I guess I saw this coming when they first pulled the common currency together. I had just read Jane Jacobs' "Cities and the Wealth of Nations".
Jacobs argued that currency should be local; that each currency supports one city at the expense of others, that a currency was a feedback mechanism supporting a tightly linked regional economy. When the city falls behind, its currency declines, facilitating exports and reducing imports, stimulating local contributions to the world. When the city gets ahead, its currency grows, facilitating imports and increasing the city's role in the world's cultural exchanges. Almost as if it were planned that way.
The trouble is that if more than one economic zone shares a currency, that the feedback mechanism fails completely until one city clearly dominates. At that point the feedback mechanism starts to work for the dominant city, increasing its dominance.
Jacobs, by the way, was a resident of Toronto, which I have, ever since reading the book, thought of as "Canada City".
How does the US get around this? Mobility, I think. People move around, tolerate moving around, sacrifice deep connections for personal financial gain. It's all effectively one city with rapidly shifting neighborhoods. There is very little that is local about America. When California becomes ungovernable, technology and entertainment move to Boston and Austin and Fhloston. The people follow the jobs. America is tightly economically coupled, so the currency serves well enough.
So when the Euro plans started, I was thinking "but, but, but Jane Jacobs". I saw not a peep about this anywhere in the press. Both inside and outside Europe everybody thought it was a great idea, so that Europe could "compete" with America. But Europe cannot compete with America, because Europe has cultural roots worth preserving, and language and culture differences that prevent mobility even if people are willing to sacrifice their roots. In other words, Europe can never function as a single labor market. Which means that once you unify the currency, you will tend to promote a single, large, tightly coupled sub-economy and squash the others. Which is pretty much what Washington Post business columnist Steven Pearlstein is describing. He claims you can't understand Greece's failures without reference to Germany.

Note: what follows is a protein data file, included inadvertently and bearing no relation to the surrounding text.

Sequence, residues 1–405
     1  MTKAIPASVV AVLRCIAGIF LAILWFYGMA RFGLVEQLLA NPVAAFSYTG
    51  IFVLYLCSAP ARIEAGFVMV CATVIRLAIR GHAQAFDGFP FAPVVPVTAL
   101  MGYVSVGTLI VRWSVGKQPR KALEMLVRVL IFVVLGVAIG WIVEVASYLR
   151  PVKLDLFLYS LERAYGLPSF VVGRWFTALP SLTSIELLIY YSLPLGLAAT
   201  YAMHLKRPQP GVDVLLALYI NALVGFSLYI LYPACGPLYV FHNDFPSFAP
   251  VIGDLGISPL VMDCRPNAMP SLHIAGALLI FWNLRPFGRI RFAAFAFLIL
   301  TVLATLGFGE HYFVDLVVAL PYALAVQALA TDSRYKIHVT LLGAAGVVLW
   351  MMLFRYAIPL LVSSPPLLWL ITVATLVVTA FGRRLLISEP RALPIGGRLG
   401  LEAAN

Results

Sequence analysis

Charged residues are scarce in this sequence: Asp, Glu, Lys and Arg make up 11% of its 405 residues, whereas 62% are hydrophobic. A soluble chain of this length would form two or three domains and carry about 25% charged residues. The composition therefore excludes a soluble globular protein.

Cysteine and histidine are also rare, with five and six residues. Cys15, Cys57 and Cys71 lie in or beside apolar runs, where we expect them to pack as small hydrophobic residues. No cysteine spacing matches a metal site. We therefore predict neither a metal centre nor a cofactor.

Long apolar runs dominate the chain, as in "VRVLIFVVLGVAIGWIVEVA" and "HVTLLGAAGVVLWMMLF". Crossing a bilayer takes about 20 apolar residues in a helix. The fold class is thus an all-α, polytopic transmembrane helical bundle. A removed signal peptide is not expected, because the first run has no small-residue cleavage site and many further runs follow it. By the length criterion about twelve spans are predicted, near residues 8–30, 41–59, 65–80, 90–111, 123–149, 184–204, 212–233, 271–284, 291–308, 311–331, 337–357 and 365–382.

So the Rhine valley emerges as Euro city. It was probably the leading candidate in any case. And Jacobs turns out to be right in the end. Which spooks me, because I was right and practically everybody writing about business or economics was wrong. (In this case I can't prove it. I don't think I ever posted anything about this.)
Everybody but me thought the Euro idea was the bee's knees. Maybe I should have said something, but I didn't even have the audience I now have (Don't get me wrong, I love you guys! I just want more!) so what good would it have done?
As far as I know Jacobs herself never said anything about the Euro, which surprises me.
Update: Great. I'm on the same side of this one as climategatist Christopher Booker. I'd best reconsider.